Lilian Jennette Rice was born in National City, San Diego County, California in 1888. Supported by strong-minded parents, her father an educator and her mother an artist, she was one of the first women to earn a degree in architecture from the University of California Berkeley, class of 1910. Her professor and dean of the department was the master Beaux-arts architect John Galen Howard, who was also the UC Berkeley campus architect. Having successfully completed her studies Lilian returned home and for the next few years served as a draftswoman for the noted architect and daughter-in-law of California Governor Waterman, Hazel Waterman. The project Lilian may have participated in was the reconstruction of the Casa Estudillo in Old Town San Diego. The faithful recreation of the 1830s adobe included well-researched adobe brick building methods, an experience that would remain with Lilian throughout her career.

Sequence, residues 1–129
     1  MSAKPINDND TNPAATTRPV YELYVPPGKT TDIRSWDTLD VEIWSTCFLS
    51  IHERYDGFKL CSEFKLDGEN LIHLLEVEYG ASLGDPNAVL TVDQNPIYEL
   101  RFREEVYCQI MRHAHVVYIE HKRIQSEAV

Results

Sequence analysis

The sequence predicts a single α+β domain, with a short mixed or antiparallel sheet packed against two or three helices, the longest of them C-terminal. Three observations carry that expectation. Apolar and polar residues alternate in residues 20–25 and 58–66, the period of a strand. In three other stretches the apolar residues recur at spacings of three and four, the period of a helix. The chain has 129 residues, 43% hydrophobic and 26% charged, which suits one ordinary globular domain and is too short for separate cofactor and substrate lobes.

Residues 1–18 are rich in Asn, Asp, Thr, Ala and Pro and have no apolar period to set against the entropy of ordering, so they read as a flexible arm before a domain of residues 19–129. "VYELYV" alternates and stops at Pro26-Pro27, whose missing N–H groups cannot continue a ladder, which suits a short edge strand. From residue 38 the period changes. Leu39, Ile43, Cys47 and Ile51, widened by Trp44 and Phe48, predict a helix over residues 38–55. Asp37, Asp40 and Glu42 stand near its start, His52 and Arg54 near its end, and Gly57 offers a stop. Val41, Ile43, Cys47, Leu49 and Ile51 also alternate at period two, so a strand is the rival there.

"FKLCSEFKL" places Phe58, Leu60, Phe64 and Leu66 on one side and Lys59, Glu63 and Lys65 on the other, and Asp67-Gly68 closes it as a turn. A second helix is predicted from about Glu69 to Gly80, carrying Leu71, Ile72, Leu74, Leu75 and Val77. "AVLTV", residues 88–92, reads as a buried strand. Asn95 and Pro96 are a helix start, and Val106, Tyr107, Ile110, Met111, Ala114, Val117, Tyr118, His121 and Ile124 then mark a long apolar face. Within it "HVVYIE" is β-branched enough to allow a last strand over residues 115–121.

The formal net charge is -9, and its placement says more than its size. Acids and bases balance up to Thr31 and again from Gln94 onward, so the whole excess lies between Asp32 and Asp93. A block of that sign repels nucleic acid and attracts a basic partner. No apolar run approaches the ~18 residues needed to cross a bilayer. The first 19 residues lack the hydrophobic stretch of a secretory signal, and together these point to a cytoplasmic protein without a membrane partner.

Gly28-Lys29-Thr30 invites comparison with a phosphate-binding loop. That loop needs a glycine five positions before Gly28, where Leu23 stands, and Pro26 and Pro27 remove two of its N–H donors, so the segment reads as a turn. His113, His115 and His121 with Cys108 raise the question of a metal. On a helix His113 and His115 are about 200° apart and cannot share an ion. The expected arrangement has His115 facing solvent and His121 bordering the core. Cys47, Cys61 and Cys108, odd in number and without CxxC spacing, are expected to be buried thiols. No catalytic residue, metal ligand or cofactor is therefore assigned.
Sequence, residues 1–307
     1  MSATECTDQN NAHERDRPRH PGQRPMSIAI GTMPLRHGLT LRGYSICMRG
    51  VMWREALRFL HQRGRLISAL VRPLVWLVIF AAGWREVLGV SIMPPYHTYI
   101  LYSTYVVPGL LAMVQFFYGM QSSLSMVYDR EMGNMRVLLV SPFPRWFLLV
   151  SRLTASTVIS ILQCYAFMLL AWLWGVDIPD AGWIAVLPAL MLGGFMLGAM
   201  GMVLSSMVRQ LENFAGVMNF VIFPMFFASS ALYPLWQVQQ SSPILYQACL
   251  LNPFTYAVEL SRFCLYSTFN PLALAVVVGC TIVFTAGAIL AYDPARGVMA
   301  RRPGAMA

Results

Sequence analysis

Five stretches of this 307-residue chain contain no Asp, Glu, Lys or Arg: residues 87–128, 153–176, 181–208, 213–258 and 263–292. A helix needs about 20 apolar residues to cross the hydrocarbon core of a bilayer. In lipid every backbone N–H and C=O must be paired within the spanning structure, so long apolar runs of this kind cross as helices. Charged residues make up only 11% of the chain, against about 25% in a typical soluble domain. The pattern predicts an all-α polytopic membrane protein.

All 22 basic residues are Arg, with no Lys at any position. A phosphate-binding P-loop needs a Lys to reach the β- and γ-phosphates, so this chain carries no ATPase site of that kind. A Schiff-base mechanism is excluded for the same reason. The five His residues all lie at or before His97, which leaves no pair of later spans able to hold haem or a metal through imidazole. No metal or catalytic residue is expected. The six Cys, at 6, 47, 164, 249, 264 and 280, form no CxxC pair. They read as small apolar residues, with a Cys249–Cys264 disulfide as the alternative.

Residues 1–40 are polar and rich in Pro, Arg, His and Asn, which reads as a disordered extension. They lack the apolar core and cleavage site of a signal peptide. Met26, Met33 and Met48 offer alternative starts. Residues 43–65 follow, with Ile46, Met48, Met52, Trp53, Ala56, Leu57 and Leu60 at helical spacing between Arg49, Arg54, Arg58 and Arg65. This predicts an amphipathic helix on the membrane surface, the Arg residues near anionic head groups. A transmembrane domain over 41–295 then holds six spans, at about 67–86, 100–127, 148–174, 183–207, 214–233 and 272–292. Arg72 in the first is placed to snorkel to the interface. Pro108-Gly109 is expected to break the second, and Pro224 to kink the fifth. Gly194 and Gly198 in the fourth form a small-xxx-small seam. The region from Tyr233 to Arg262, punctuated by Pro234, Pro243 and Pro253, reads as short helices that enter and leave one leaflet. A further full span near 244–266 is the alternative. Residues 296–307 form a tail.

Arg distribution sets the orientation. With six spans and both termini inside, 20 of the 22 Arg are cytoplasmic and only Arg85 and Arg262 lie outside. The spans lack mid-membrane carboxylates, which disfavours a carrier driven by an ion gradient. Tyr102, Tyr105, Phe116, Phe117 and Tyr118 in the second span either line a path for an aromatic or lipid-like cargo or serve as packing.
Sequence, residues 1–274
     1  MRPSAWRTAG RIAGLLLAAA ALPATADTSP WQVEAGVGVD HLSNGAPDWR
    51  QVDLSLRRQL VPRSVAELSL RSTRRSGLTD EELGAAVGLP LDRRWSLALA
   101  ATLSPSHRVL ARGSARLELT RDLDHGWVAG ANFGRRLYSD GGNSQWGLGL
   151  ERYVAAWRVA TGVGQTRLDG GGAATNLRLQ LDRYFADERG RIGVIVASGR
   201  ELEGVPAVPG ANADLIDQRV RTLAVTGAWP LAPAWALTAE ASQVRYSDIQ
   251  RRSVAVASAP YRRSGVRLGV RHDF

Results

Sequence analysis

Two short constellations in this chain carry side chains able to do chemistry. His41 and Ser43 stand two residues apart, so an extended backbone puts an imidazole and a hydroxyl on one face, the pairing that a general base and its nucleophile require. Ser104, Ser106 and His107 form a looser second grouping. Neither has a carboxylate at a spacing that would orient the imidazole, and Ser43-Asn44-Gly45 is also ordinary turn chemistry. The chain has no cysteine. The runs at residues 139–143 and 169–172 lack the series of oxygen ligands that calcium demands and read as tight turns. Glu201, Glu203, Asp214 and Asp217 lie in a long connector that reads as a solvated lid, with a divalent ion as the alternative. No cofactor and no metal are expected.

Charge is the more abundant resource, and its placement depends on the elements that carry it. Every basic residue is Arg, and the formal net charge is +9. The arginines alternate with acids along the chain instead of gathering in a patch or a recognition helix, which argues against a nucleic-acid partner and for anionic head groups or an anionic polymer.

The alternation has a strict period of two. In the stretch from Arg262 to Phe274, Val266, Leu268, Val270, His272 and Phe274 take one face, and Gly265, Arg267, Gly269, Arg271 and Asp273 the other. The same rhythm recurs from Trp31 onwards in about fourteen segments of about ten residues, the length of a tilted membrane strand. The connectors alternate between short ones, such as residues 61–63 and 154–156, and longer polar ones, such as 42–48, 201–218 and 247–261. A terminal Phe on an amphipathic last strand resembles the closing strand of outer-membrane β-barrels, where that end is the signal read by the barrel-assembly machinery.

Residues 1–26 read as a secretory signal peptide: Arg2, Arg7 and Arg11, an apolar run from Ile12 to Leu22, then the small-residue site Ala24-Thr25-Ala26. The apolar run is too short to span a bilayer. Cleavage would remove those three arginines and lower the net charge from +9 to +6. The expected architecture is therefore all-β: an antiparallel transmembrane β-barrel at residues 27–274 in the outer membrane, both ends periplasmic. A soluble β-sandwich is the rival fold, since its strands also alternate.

Lilian also taught mechanical drawing and descriptive geometry at the high school and college levels in San Diego. A student of hers was a young Sam Hamill. Hamill was a junior draftsman for the noted Requa & Jackson architectural firm at the time. Later he continued his architectural training at UC Berkeley, at Lilian’s urging. Hamill went on to become one of San Diego’s leading post war Modernists. Later Lilian would employ another young architect named Lloyd Ruocco, who also went on to be a innovative and expressive Modernist architect as well.